And the last big disadvantage is data rates. Remember that with Bit Torrent, the only real limitation on the amount of data you can download is your bandwidth. Other than that, the sky is the limit. However, Usenet services typically impose monthly data caps that limit the amount of data you can download.
This helps stop a handful of downloaders from overwhelming the server, which helps ensure a certain level of download speeds and quality of service. It is pretty typical for average plans to have a data cap in the range of 5GB-50GB.
- Costs money
- Servers have finite storage capacity, and files aren’t stored forever
- Some providers impose monthly data caps
With that understanding, let’s take a look at the best Usenet providers.
I had to include Giganews as the number one provider because they offer an all-inclusive package that will take care of your every need. And with special occasional promotions, they become even more affordable. There two best plans are Diamond and Platinum.
The Platinum plan regularly costs $20.00 (For the latest prices and discounts, check here) a month, and provides unlimited downloads, 5GB of online Dumptruck storage, and VyprVPN service (only using PPTP, though).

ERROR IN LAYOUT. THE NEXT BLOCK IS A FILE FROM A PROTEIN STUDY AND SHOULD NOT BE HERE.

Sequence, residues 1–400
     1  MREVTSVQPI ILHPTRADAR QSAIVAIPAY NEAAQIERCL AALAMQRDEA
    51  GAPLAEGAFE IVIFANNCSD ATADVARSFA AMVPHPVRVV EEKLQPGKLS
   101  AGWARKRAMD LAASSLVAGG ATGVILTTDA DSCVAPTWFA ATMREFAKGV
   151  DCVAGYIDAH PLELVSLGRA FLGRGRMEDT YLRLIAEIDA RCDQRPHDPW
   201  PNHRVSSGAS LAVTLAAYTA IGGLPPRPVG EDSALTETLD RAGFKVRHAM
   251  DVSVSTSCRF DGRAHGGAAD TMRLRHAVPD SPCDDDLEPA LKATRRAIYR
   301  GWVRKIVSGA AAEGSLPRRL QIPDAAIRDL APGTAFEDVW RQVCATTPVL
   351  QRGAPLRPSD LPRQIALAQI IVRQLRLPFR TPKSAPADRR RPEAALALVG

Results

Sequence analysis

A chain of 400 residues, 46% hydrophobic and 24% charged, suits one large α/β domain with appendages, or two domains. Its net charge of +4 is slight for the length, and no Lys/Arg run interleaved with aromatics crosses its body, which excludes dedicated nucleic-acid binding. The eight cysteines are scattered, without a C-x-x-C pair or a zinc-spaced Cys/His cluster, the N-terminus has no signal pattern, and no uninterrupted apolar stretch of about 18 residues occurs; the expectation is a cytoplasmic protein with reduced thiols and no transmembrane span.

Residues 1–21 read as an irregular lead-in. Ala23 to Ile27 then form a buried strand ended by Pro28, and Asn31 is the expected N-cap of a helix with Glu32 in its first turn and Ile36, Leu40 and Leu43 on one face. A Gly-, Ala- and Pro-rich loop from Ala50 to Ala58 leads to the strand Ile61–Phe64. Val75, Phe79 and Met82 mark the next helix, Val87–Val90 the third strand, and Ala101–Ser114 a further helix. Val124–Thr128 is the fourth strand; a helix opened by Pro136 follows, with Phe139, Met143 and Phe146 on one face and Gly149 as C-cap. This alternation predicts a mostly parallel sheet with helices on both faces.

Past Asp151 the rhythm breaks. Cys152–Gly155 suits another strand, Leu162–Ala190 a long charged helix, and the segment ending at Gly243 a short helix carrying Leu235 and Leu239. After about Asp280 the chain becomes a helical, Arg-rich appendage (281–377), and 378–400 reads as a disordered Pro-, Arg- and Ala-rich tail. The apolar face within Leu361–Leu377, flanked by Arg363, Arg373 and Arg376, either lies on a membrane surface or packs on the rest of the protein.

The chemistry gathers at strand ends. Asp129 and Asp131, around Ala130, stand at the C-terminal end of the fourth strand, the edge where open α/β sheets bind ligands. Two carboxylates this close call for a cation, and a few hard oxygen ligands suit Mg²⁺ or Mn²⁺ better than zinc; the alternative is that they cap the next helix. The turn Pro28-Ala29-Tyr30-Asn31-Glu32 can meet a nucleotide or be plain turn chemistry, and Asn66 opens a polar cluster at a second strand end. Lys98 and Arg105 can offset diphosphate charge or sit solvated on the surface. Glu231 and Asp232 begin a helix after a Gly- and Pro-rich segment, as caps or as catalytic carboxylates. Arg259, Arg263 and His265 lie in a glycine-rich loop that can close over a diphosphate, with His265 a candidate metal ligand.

Their Diamond plan costs $30.00 (For the latest prices and discounts, check here) per month and provides unlimited downloads, 30GB of online Dumptruck storage, and VyprVPN service with 2 simultaneous connections and advanced connection protocols like L2TP and OpenVPN.
To be fair, that may seem like a lot to simply download files, but there’s actually a lot of value. Consider that you’re getting online storage space and a VPN service with their package.
Because they cover all their bases and package together every service you would need to stay safe online, I think Giganews is perhaps one of the best options…but their only Achilles heel is their pricing. Last but not least, note that they have a 14-day free trial with a 10GB data cap. It’s a great way to test them out, but if you exceed either limitation, you will be automatically billed for their service.